The HTC U12+ is a pretty complete smartphone. It has a fast processor, a high-resolution display, a dual camera, and a battery, which as per usual, is permanently installed and should offer solid autonomy, according to the manufacturer. But will the HTC U12+ also meet this requirement in our review? We’ll check it out in this battery test.
The raw numbers speak for themselves: with a capacity of just 3,500 mAh, the battery of the HTC U12+ is weaker than the previous year’s model. Although the HTC U11+ should not be compared entirely with the HTC U12+. After all, HTC released two models last year: the flagship HTC U11 and its big brother, the U11+. The HTC U11 still had a 3,930 mAh battery. This was reason enough from some skepticism concerning the new smartphone’s battery.
Significantly weaker than its predecessor
In PCMark’s benchmark results, a standardized procedure for various smartphone activities can be simulated. The HTC U12+ achieves an average value of 6 hours and 35 minutes at 50% display brightness. This number isn’t particularly outstanding and is also significantly lower than its predecessor’s. The HTC U11+ managed 10 hours and 7 minutes in the same test, with the same resolution. The U12+ is on par with the Samsung Galaxy S9, which doesn’t necessarily enjoy the reputation of a marathon runner.
HTC U12+ im battery-Benchmark
|Smartphone||PCMark Battery Work 2.0|
|HTC U12+||6:35 Hours|
|HTC U11+||10:07 Hours|
|Samsung Galaxy S9||6:33 Hours|
|Huawei P20 Pro||9:33 Hours|
|OnePlus 6||7:34 Hours|
The everyday performance of the battery in the HTC U12+ is difficult to compare, as it strongly depends on individual apps. In our test, the HTC U12+ always held on until the evening, only hours of gaming or demanding use will bring the battery to its limit. It usually made it as far as the next morning, but then at that point the HTC U12+ will urgently require the assistance of an outlet. Two full days without recharging is only possible with some major restrictions.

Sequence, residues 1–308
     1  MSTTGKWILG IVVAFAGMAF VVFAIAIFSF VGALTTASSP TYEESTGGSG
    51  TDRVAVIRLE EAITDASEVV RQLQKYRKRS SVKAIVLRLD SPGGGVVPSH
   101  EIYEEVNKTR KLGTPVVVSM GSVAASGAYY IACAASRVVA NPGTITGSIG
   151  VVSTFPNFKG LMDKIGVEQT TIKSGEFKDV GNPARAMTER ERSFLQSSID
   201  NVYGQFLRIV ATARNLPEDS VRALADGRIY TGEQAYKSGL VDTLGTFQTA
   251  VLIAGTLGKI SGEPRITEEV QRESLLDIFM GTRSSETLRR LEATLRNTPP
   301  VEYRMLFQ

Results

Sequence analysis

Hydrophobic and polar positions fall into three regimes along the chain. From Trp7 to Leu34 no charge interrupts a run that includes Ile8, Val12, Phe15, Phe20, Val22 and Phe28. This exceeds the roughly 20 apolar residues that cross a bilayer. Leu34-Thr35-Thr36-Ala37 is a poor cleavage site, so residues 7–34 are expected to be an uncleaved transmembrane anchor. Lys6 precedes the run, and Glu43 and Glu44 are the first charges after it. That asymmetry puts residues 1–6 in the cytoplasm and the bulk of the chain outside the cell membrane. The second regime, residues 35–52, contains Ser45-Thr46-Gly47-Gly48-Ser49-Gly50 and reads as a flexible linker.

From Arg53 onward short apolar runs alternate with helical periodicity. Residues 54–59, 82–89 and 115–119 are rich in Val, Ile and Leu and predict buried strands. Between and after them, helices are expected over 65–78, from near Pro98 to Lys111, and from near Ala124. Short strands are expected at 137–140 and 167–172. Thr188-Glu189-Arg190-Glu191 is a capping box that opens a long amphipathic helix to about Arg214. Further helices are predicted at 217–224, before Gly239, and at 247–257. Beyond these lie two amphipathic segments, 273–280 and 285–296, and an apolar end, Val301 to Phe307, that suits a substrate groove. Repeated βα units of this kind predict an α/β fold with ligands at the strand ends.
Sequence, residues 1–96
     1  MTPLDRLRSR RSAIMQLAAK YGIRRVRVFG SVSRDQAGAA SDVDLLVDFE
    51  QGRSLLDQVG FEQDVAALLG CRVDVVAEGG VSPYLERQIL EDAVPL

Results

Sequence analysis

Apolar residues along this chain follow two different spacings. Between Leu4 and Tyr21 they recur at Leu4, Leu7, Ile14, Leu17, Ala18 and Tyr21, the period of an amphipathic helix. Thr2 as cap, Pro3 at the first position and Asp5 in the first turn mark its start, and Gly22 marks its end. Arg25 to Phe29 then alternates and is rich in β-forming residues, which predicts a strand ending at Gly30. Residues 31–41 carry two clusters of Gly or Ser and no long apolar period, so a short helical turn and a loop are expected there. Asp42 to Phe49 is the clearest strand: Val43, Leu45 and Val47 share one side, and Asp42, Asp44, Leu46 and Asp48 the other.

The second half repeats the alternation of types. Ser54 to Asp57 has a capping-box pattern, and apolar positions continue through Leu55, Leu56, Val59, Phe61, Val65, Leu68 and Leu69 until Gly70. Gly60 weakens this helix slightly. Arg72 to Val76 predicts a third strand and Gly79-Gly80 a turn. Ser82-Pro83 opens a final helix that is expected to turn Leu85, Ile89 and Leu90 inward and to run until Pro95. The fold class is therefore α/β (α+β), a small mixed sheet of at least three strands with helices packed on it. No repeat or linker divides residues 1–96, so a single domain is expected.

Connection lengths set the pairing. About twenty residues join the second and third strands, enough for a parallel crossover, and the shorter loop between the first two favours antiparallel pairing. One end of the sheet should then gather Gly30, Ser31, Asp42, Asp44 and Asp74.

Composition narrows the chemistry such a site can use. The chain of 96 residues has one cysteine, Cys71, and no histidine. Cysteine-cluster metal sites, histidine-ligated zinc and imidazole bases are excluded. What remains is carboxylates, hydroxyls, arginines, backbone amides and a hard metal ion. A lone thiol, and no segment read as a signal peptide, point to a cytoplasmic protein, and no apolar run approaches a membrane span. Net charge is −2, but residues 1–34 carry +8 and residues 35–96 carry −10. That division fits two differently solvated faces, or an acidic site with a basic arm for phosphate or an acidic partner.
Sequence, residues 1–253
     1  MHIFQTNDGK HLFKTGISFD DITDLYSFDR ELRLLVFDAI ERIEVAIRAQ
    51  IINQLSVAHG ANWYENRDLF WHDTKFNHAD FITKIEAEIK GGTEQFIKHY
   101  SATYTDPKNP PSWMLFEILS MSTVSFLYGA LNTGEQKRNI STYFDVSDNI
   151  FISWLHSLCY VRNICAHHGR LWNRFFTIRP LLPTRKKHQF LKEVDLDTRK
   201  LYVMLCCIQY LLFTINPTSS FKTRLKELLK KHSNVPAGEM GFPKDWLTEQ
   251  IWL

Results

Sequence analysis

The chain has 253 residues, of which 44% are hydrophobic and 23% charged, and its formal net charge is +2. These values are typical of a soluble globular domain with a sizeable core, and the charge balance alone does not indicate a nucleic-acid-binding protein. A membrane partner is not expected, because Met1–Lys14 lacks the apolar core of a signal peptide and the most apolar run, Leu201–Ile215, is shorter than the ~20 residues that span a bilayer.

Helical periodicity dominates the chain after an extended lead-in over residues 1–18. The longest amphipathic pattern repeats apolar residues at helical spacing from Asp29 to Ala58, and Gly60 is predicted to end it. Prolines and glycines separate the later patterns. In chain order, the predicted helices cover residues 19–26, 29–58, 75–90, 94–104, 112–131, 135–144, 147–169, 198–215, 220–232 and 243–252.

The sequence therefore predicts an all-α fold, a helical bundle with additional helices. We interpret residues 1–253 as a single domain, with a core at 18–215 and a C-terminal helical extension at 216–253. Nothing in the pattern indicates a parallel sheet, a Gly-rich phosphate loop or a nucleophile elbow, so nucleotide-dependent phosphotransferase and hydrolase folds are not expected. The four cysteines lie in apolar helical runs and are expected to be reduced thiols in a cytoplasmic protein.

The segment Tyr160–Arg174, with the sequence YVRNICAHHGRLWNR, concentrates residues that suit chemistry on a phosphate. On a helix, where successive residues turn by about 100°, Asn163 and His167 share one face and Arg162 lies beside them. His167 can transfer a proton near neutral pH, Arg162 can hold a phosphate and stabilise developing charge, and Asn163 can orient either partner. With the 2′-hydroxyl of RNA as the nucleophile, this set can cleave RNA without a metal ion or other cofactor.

Low standby consumption
The standby consumption of the HTC U12+ is pleasantly low. Even with the SIM card inserted, the battery charge drops by only three percentage points overnight. This will help you decide whether or not to charge your phone in the evening.
HTC has again decided not to implement a convenient feature for the battery: wireless charging isn’t supported by the U12+. But at least the quick charging with QuickCharge 3.0 comes with a corresponding power supply. The HTC U12+ also supports QuickCharge 4.0 and Power Delivery 3.0.
On par with the competition
The bottom line is that the HTC U12+ looks like most flagship smartphones when it comes to batteries: charging the smartphone during the day is no problem, but by noon the following day at the latest, the smartphone will need to be connected a charging cable unless you’re extremely economical with your use. This means that the HTC U12+ can keep up with the competition in the battery test, but it doesn’t surpass its primary rivals.
What do you think of the HTC U12+? Should HTC have equipped it with a larger battery?